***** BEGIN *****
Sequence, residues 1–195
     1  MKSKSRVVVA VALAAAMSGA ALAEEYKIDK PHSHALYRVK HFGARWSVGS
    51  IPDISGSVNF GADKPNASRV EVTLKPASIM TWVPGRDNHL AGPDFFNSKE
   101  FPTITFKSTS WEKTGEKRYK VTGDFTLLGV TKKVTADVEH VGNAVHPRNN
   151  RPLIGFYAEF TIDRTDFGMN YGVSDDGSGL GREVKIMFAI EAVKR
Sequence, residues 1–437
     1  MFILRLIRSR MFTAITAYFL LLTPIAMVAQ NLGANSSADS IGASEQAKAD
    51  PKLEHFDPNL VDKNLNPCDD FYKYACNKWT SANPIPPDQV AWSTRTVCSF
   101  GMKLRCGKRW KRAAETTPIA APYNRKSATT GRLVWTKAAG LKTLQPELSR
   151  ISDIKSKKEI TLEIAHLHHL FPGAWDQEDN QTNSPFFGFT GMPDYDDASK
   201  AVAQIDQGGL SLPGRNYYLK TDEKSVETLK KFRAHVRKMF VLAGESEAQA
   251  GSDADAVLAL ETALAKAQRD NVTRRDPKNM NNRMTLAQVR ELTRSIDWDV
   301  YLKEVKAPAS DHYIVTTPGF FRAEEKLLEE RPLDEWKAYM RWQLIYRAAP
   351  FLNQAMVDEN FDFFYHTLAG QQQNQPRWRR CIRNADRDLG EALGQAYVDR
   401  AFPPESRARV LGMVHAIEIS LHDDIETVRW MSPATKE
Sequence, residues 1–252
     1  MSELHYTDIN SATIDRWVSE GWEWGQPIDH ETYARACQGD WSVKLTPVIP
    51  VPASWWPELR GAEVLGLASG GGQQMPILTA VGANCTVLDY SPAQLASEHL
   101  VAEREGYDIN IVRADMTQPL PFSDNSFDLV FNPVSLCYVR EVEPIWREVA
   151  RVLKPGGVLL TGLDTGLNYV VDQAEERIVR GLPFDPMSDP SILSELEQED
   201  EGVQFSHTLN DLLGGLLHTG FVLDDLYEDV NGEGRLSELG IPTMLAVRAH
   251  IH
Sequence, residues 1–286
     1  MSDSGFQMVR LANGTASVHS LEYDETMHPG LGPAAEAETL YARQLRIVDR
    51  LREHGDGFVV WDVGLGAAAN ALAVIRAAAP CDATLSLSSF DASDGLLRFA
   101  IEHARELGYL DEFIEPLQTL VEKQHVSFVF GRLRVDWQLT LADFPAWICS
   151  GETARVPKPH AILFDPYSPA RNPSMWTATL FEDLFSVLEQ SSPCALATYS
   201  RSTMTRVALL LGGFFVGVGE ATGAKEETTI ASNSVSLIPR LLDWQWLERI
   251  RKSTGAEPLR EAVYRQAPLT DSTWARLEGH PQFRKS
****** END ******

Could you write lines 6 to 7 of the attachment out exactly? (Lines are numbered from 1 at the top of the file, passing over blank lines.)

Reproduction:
Sequence, residues 1–437
     1  MFILRLIRSR MFTAITAYFL LLTPIAMVAQ NLGANSSADS IGASEQAKAD